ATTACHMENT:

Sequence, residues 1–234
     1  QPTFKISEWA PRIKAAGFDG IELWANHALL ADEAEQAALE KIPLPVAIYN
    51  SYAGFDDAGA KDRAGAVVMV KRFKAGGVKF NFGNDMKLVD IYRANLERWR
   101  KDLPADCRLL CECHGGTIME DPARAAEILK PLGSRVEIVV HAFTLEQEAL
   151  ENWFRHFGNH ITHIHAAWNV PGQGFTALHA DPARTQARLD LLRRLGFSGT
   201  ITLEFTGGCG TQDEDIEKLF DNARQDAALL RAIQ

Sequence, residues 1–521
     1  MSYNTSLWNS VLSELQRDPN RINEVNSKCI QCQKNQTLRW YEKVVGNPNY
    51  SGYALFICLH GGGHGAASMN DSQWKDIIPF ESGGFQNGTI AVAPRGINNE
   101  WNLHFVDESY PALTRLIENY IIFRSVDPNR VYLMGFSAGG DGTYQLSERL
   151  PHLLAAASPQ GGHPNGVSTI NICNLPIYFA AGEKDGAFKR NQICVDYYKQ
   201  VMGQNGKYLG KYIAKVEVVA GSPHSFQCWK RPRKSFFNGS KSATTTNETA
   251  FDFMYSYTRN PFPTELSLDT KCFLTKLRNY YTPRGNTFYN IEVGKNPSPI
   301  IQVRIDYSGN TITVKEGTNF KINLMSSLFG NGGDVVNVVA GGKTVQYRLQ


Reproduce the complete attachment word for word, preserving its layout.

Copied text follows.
Sequence, residues 1–234
     1  QPTFKISEWA PRIKAAGFDG IELWANHALL ADEAEQAALE KIPLPVAIYN
    51  SYAGFDDAGA KDRAGAVVMV KRFKAGGVKF NFGNDMKLVD IYRANLERWR
   101  KDLPADCRLL CECHGGTIME DPARAAEILK PLGSRVEIVV HAFTLEQEAL
   151  ENWFRHFGNH ITHIHAAWNV PGQGFTALHA DPARTQARLD LLRRLGFSGT
   201  ITLEFTGGCG TQDEDIEKLF DNARQDAALL RAIQ

Sequence, residues 1–521
     1  MSYNTSLWNS VLSELQRDPN RINEVNSKCI QCQKNQTLRW YEKVVGNPNY
    51  SGYALFICLH GGGHGAASMN DSQWKDIIPF ESGGFQNGTI AVAPRGINNE
   101  WNLHFVDESY PALTRLIENY IIFRSVDPNR VYLMGFSAGG DGTYQLSERL
   151  PHLLAAASPQ GGHPNGVSTI NICNLPIYFA AGEKDGAFKR NQICVDYYKQ
   201  VMGQNGKYLG KYIAKVEVVA GSPHSFQCWK RPRKSFFNGS KSATTTNETA
   251  FDFMYSYTRN PFPTELSLDT KCFLTKLRNY YTPRGNTFYN IEVGKNPSPI
   301  IQVRIDYSGN TITVKEGTNF KINLMSSLFG NGGDVVNVVA GGKTVQYRLQ